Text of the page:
> From this.

It comes down to trust. We trust that the Cogito, “I think therefore I am,” is something that must be true because we have verified that substantive logic is sure, it is secure. To deny the Cogito is nonsense. We trust that interlocking gears will turn each the other by the experience we have in contact mixed with motion, and in solidity and containment. Nothing in our whole observable universe contradicts the very notion that something like that could ever fail. But if we choose to take stock of such things, to notice what we take as given, we find there is a lot that we trust in to get us through the simplest days, to get through the very act of getting up in the morning.

How far does the trust go? Science works through reason and observation, and reason we have a lot of trust in, by its very nature. Observation we trust, that which we can hold in our hands, figuratively speaking. Logic explains itself to us, if we examine it closely enough. Such is the beauty of the world. And all of that, we have really learned to take for granted. (If we did not, perhaps we would all be frozen in wonderment at it all. Perhaps.) But behold: other matters of trust, of Father, Son, and Holy Spirit: are these immune to science? I think not. Because we have seen the Son, we have seen the Father, and if we have seen the Father, then we may believe in His Spirit. That’s how things work. Have you not seen the Son? By Whom we number our very years? It is no sin of science to also believe.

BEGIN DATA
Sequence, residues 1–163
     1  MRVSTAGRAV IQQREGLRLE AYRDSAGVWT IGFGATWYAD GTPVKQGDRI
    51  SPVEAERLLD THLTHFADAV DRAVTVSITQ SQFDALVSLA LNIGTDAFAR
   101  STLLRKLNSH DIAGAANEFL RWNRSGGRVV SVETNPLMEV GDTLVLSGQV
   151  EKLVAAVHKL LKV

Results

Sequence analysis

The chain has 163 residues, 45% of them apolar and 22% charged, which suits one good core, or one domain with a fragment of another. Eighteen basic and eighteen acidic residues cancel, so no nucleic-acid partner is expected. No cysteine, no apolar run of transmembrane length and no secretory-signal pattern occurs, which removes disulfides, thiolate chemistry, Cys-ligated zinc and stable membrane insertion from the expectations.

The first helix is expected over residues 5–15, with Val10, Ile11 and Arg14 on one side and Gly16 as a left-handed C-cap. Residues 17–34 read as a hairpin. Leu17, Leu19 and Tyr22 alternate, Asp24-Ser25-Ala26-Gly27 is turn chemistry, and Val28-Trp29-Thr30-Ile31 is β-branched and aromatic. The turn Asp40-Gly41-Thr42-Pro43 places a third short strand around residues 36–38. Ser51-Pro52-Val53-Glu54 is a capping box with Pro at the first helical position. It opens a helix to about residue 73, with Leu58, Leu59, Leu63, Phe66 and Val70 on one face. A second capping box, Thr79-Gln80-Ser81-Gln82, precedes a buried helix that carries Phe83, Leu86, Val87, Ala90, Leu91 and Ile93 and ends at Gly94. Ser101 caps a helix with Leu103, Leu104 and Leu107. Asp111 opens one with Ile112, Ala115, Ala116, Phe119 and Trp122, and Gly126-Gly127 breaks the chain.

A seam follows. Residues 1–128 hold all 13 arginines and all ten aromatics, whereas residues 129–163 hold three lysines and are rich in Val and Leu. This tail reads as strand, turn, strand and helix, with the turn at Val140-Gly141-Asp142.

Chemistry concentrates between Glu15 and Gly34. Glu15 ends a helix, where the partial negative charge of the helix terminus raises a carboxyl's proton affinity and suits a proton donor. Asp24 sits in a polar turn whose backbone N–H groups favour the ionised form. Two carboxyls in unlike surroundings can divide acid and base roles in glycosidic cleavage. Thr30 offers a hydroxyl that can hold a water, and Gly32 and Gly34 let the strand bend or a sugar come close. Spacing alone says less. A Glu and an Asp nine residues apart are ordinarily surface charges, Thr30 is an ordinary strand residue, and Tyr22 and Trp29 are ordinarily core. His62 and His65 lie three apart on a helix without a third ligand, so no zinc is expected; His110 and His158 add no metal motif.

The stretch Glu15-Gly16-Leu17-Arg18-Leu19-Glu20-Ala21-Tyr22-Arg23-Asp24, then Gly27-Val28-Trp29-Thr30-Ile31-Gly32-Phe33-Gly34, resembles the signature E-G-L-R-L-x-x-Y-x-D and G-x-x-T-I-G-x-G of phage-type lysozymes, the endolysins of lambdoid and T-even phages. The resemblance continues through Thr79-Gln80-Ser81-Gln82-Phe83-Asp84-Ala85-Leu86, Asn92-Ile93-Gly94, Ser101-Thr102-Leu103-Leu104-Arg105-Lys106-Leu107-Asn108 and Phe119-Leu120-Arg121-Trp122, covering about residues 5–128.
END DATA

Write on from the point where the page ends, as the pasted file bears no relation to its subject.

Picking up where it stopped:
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The Great Blasphemy